The Splendour Falls
By: Susanna Kearsley
Format/Source: eBook; my purchase
An Ancient Castle, a Tragic Love, and a Web of Secrets Begins to Unravel…
Emily Braden has stopped believing in fairy tales and happy endings. When her fascinating but unreliable cousin Harry invites her on a holiday to explore the legendary own of Chinon, and promptly disappears well, that’s Harry for you.
As Emily makes the acquaintance of Chinon and its people, she begins to uncover dark secrets beneath the charm. Legend has it that during a thirteenth-century siege of the castle that looms over the city, Queen Isabelle, child bride of King John, hid a “treasure of great price.” And in the last days of the German occupation during World War II, another Isabelle living in Chinon, a girl whose love for an enemy soldier went tragically awry.
As the dangers of the past become disastrously real, Emily is drawn ever more deeply into a labyrinth of mystery as twisted as the streets and tunnels of the ancient town itself.
This and her latest novel, A Desperate Fortune, were the only two left by Susanna Kearsley that I had not yet read. I picked this book up sometime in late November and early December, telling myself that I’d hold off on reading it as there won’t be a new novel by her until 2017. Well, lo and behold I couldn’t help myself and ended up reading it towards the end of 2015 anyhow (a good way to cap off the year, I suppose, given that I read most of her books that year).
The Splendour Falls in a way reminds me of Named by the Dragon (review) in that it was really about the characters moreso than the mystery of Queen Isabelle and the hidden treasure from her and from the Second World War. I really enjoyed that development, of Emily interacting with a rather diverse group of tourists staying in Chinon as well as some of the locals, exploring the old city, eating wonderful food, and occasionally delving into the mysteries of the locale. I’ve never been to any other place in France other than Paris, Lourdes, and Toulouse, so reading about the wonders of Chinon was wonderful–also had me craving for some French cuisine!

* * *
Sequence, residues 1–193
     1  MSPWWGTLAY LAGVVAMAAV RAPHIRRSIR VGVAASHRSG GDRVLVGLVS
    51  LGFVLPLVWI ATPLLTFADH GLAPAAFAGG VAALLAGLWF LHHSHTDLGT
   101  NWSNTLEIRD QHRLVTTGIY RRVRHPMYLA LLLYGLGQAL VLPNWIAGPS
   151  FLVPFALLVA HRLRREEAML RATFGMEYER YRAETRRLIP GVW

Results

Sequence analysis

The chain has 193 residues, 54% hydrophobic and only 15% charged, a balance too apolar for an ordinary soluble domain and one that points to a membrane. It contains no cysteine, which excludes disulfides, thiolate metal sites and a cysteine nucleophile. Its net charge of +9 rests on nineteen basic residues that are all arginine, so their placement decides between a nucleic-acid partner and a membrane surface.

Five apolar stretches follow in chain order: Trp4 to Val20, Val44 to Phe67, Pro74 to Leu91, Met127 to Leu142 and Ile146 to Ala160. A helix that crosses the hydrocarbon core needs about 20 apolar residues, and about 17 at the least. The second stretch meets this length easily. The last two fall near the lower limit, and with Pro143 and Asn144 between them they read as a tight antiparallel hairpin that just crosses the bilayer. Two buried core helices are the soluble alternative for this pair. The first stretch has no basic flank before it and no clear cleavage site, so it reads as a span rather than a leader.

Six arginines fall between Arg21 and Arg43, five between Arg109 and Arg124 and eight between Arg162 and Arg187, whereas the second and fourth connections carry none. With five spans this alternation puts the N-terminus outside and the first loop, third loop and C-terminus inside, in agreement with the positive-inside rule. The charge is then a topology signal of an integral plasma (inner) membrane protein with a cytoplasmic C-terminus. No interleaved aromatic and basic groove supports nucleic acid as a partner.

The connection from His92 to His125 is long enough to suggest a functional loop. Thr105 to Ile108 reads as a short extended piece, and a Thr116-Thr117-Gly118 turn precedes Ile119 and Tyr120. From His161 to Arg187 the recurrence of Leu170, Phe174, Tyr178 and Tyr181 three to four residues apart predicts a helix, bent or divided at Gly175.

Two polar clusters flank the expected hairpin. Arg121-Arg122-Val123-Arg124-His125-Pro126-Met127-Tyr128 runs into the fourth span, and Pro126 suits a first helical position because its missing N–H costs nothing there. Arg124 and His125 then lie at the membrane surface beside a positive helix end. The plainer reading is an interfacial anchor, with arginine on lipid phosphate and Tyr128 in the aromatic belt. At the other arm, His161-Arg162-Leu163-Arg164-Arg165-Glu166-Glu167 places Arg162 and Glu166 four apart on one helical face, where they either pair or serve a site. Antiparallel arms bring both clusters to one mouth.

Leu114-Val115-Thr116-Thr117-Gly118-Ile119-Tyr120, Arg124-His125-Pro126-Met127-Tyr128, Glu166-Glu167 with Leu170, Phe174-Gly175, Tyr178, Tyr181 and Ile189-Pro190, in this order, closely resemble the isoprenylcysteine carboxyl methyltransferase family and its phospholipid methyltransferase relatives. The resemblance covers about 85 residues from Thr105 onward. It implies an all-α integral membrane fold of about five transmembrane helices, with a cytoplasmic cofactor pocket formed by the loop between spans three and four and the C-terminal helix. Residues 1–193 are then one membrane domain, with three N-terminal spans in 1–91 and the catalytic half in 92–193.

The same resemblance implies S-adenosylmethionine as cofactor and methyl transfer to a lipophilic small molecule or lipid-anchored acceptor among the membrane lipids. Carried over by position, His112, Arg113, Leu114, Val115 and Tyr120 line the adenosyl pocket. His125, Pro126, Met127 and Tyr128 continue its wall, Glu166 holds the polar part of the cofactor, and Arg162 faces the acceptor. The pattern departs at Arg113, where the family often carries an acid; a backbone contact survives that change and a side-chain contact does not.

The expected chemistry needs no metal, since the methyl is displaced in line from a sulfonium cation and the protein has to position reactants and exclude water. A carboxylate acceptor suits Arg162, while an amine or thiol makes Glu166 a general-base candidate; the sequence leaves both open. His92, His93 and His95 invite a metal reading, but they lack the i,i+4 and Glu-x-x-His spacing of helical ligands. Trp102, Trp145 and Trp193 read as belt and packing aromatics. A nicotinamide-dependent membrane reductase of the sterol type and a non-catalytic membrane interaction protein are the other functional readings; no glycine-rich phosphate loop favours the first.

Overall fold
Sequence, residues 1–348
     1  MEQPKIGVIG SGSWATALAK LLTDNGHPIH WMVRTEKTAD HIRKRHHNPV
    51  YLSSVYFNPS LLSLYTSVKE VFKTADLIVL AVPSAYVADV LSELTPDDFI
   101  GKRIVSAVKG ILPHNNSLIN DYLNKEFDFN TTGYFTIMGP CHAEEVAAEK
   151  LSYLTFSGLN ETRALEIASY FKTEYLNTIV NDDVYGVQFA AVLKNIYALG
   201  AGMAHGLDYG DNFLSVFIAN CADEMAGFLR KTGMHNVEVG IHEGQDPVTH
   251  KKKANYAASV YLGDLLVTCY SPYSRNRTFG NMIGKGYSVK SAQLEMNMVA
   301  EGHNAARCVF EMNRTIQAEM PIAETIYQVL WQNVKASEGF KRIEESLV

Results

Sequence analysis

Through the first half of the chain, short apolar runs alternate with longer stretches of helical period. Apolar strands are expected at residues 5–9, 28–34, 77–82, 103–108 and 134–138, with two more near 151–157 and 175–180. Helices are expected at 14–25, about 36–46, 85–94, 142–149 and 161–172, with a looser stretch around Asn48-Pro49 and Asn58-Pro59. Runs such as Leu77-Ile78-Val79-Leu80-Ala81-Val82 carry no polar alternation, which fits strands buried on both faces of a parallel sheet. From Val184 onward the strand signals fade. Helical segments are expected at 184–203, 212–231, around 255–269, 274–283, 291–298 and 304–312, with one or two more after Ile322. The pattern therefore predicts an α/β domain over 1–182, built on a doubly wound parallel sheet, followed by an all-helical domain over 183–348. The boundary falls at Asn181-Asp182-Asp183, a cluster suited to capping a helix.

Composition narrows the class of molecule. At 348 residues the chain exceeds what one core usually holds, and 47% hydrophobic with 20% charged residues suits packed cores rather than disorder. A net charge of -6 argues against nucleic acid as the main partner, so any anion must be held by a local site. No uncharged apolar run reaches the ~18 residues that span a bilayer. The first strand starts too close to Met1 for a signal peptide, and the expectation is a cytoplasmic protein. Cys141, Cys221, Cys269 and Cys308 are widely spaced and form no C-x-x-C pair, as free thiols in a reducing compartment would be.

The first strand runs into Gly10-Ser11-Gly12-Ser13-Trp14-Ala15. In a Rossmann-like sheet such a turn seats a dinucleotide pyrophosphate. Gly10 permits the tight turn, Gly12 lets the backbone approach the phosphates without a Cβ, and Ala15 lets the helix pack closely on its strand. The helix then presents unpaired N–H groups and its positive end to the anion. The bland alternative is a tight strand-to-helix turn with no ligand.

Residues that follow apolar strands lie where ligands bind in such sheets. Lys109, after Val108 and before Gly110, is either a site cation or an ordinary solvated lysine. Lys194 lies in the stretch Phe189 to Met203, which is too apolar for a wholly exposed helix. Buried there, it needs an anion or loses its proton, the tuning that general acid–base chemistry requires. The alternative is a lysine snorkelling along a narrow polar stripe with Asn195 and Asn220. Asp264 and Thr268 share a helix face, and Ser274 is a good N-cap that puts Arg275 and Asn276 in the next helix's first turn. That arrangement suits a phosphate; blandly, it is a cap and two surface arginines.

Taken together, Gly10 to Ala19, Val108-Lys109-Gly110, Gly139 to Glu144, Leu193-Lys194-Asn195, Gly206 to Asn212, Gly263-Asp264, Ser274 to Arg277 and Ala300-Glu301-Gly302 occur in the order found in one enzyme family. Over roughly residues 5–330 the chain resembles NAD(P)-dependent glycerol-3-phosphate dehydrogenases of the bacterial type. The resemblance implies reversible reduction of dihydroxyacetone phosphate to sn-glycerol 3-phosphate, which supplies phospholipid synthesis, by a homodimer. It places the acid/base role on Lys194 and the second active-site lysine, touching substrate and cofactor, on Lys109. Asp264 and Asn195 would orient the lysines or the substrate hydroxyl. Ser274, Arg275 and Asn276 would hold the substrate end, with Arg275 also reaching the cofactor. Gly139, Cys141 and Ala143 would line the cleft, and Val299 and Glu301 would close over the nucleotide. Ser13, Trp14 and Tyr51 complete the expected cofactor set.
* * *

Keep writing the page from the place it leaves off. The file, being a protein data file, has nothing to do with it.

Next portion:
As much as I enjoyed the interactions, two things began to niggle at me the further along the novel I went. Firstly, usually I have a good idea in Kearsley’s novels who the heroine’s leading man of interest would be. I didn’t get that sense in this novel, having several men vye for that position (even if nothing ever comes of it, it’s still a bit of fun on my part to guess; and romance usually plays a large role in her novels). Which usually I don’t mind! I like a good guess/mystery, but by the third act of the novel it was getting a little frustrating. I sort of gave up, but this lack of clarity was a wee bit problematic.
Which leads me to the second bit that nagged me the further I read. The story seemed to have somewhat fallen apart by the last third of the novel; Harry is still nowhere to be seen to clarify the King John and Queen Isabelle story that we started this journey off with, the WW2 mystery about hidden treasure sort of comes and goes but not enough for the reader to keep it in mind as you read onward, and the incident in Emily’s past that changed her considerably from who she was before didn’t quite resonate with me/sort of fell flat. It just didn’t feel so cohesive, especially after the leisurely pace that the novel took in the first two-thirds of the story.
Nonetheless I enjoyed reading The Splendour Falls. The characters were wonderful–their interactions, their development & characterisations for the most part. It doesn’t fall flat per se (that award still remains with The Shadowy Horses (review) but the overarching storyline/mystery wasn’t quite so clear as her other novels are. Regardless of this, I’m glad to have finally read this novel. Now off to pick up A Desperate Fortune! At some point 😛